Unless you go in the morning when they open, it is always busy bordering on chaotic. All of them are friendly, pleasant and respectful. When I go (all two times) the woman who I make the appointments with is Young. She is Korean, married and has two children in college, and she is an artist. When I went the first time, we were the only ones in the shop and she shared some of her art work with me. It is quite beautiful.
So there I was having my manicure and a young woman about sixteen comes flying through the door. She looks at Heidi from Panama, who is working with a client and yells, “When are you going to be done with her?” The shop is 10 feet by 12 feet so there is really no need to yell. “I will be quite a while”, Heidi says, clearly not taking any guff from this pisher. “Shit”, she grumbles, “I guess I’ll have to get stuck with someone else.”
No, I thought, you can pick your spoiled ass up and leave. But I didn’t want a scene so I merely thought, ‘thank God I have a well mannered daughter. ‘ Then, not fifteen minutes later, I was walking up 54th street and there was a little boy (about 6) getting out of his limo and, when the driver said goodbye, he merely said “yeah” slammed the door and walked away. Obviously, I don’t know if this is a daily ride or just an occasional trip but whichever, I don’t believe there is ever an excuse to be dismissive or rude. So again, I thought, I am so grateful that my son never behaved that way – or I would have smacked him upside the head. Then as I walked on I noticed this little girl, not more than three, holding her cell phone in one hand, gesturing with the other and walking with her nanny, who was holding on to the back of her sweater. As I got closer I heard her conversation with the person on the phone, her mother. And she was screaming about not going to some party or event which had been promised to her. I mean the kid was shrieking and every so often would say, “Mommy, I hate you, you’re a liar, I wish you were dead.” On the top of her lungs. I tried to get a picture but I’m not David so I couldn’t find the camera setting on the phone and they were walking briskly. The performance was truly breathtaking.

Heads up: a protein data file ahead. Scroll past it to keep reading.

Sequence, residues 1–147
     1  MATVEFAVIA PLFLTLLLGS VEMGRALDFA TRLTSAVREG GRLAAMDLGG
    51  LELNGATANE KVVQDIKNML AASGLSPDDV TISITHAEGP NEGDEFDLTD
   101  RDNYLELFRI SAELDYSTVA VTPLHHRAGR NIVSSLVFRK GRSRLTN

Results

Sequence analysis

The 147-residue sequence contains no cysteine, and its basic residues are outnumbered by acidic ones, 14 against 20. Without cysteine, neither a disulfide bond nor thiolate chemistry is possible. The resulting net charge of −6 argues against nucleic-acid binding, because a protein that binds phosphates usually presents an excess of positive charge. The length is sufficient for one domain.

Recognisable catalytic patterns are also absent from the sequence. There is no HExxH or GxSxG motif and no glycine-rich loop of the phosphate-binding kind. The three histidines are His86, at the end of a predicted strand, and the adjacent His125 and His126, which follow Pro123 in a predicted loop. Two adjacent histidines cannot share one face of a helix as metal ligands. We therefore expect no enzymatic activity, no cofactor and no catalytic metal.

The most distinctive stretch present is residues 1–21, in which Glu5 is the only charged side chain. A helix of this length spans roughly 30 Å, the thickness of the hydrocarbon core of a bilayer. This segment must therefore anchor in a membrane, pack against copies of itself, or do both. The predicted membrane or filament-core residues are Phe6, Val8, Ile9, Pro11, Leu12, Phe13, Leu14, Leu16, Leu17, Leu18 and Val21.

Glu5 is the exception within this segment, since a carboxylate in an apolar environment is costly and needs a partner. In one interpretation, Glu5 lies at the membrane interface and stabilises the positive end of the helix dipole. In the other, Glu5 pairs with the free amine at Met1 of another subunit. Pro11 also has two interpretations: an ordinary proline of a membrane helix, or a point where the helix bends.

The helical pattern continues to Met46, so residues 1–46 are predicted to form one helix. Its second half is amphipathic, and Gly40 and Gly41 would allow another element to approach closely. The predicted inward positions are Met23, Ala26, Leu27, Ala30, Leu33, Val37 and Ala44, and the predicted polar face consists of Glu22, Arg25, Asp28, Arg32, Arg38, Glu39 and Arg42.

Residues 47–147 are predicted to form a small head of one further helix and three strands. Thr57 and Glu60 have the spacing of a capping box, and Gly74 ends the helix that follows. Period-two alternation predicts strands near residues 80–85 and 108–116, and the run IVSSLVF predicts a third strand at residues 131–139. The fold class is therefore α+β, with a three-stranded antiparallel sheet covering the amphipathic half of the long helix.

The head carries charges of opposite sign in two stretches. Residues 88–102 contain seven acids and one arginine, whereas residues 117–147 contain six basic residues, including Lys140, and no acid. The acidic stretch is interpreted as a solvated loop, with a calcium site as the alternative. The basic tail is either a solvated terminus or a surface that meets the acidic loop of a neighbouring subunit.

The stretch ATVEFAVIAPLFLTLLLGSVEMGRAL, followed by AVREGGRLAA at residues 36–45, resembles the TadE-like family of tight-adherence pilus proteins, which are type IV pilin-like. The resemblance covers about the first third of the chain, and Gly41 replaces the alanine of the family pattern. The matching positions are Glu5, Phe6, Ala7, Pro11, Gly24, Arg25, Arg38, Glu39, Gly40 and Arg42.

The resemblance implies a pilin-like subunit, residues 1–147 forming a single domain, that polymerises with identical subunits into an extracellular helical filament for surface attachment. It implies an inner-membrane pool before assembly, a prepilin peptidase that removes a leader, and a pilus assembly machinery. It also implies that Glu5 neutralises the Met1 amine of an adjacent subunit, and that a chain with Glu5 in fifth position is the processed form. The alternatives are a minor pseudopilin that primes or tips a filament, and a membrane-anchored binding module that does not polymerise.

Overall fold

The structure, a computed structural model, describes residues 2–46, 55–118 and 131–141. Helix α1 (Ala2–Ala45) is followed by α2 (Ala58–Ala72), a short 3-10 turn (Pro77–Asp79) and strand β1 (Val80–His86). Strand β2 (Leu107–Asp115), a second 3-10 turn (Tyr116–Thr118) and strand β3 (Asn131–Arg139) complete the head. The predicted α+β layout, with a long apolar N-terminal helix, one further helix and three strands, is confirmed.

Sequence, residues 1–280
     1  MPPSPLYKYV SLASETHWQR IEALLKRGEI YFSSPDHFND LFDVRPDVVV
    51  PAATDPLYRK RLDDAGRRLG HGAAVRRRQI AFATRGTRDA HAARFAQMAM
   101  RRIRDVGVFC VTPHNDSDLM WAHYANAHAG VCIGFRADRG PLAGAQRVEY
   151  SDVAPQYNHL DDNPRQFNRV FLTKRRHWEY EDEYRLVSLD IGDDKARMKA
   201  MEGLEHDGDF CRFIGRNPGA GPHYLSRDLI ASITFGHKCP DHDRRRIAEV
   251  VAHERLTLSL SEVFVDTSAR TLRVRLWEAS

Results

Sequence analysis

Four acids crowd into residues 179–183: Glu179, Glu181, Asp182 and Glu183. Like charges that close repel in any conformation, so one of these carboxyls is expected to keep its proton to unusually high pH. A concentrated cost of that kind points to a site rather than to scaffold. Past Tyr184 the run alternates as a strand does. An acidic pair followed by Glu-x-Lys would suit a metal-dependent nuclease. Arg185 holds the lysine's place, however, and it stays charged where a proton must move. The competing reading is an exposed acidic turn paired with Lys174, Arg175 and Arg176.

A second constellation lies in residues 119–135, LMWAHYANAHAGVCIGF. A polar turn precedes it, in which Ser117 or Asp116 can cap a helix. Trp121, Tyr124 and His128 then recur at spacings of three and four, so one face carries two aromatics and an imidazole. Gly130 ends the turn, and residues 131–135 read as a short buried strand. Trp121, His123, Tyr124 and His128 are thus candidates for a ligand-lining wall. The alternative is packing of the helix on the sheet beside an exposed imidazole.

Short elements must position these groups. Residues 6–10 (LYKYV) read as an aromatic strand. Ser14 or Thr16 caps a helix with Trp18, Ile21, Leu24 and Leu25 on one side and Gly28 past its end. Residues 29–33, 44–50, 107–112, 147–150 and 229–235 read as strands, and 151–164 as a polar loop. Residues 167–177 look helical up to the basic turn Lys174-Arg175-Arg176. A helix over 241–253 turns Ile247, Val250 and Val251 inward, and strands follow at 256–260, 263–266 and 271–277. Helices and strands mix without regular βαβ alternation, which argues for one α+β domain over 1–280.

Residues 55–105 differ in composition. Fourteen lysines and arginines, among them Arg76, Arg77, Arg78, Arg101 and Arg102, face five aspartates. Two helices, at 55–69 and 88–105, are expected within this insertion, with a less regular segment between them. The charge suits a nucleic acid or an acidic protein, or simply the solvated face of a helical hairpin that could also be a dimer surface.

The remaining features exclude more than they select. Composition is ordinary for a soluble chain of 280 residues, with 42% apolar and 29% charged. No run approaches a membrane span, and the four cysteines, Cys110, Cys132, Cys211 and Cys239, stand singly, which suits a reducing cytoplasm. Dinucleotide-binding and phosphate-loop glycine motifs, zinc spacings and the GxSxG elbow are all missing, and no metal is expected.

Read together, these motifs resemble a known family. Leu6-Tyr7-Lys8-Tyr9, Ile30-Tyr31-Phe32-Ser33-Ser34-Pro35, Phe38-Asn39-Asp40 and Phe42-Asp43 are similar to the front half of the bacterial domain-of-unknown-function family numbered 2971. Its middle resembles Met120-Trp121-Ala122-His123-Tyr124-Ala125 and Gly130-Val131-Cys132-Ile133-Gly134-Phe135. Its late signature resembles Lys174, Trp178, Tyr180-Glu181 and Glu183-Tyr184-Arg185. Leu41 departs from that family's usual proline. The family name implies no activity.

While it is true that in New York there are a great many entitled children, I just can’t imagine, One: who gave birth to these brats and Two: how do the parents live with them and maybe Three: do the parents behave in the same way? Anyway, my interaction with all was temporary and they are not within my realm of caring but you have to think, surely there will be consequences for absence of good behavior for their lack of civility. Consequences not only for their parents but for the people with whom they will come in contact during their careers and personal lives. I think it may be necessary for all of us to insist that these people, old or young just take a pause. We’re just sayin...Iris